A New Dawn...
After 7 years of working the Dawn Wall and learning its intricacies, Tommy finally freed the crux 14th pitch at the grade of 9a last November (UKC News Report), a turning point which rendered freeing the route in its entirety a possibility. Beginning on 27th December, Tommy and Kevin embarked on their "push" to finally realise their dream.
Food and water supplies were brought up to the climbers in relay runs by a support crew - including a guest appearance of Alex Honnold who delivered "moral boosting treats." Documenting their time on the wall was a small band of cameramen filming their ascent and carrying out interviews with the climbers to create short video clips for the Dawn Wall Push series on rockandice.com, aiding up the wall to film and returning to the ground with media for the video edits.
Watch a video from last year below, as Tommy and Kevin started making progress towards freeing individual pitches:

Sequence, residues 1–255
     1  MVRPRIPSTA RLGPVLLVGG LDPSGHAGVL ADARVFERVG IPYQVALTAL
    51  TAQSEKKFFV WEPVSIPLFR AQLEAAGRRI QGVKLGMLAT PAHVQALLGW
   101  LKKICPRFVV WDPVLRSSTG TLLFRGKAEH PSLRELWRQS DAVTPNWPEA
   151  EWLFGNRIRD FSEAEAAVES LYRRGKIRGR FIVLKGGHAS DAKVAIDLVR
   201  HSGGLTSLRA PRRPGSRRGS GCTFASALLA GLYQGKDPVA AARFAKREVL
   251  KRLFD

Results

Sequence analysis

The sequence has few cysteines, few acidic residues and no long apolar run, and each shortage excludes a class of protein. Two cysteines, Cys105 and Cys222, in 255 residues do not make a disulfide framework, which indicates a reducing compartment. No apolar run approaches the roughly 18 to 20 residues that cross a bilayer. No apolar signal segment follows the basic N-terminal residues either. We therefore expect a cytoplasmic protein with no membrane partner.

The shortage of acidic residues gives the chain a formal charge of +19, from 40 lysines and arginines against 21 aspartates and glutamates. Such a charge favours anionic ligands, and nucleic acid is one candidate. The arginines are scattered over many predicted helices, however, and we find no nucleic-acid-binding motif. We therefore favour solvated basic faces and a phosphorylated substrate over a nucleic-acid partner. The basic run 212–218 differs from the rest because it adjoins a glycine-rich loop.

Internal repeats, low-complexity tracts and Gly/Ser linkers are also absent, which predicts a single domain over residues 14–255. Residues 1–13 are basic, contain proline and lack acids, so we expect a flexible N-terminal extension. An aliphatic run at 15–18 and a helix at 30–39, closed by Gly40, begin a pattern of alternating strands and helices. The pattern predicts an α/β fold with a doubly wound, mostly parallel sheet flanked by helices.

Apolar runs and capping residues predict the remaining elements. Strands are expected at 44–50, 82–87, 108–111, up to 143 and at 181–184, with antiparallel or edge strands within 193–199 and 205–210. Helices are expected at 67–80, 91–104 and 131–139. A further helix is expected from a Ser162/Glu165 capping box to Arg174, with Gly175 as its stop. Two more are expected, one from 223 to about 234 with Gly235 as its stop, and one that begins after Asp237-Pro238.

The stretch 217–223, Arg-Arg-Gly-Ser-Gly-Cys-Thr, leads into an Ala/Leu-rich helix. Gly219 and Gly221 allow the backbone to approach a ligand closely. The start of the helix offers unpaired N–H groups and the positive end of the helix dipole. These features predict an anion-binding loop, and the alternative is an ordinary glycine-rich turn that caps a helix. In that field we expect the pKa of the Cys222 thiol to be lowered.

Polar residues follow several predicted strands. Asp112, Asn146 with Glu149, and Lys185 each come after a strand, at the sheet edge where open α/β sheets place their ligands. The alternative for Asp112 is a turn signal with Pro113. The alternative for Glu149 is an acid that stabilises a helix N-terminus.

Pitches 1 to 10
Kevin and Tommy climbed the first ten pitches in three days from 27th-30th December - in chunks of the first 5 pitches, then 6-9 and then the 10th pitch, at the following grades and not always in the best of conditions:
P5: 7c (wet)
P10: 8b+ (wet)
Pitches 11 and 12
After the 10th pitch, the pair were faced with stormy weather and were forced to rest before completing pitches 11 and 12 on New Year's Eve.
Crux Pitch 14
The big news came when both climbers completed the crux 14th pitch at 9a
Tommy sent pitch 15 at 9a, the 8b+ Loop Pitch as a variation to the 9a Dyno Pitch.
This marked the beginning of Kevin's struggle, as he came unstuck on pitch 15, battling with skin issues on a razor sharp crimp.
Pitches 16 to 20
By 11th January, Tommy had climbed the first 20 pitches and reached the Wino Tower.
A breakthrough occurred as Kevin finally climbed pitch 15:
"Today Kevin managed to climb pitch 15 in the most inspired climbing moment of his life. It was such an intense and incredible thing to witness. It's not over yet, but things are looking good."
"Pure joy. Pitch 15 finally went down after 11 attempts over 7 days. Riding high, I stuck the dyno on Pitch 16, but fell in the corner right above the no hands stance. Back to finish that tomorrow."
By January 13th, Kevin caught up with Tommy and made it to the top of pitch 20. The team were now back on track and working through the final pitches together.
On 14th January, Tommy climbed the final pitch and Kevin seconded up behind him to be met with family and friends waiting on top of the cliff.
#AskDawnWall: In the Social Media twilight...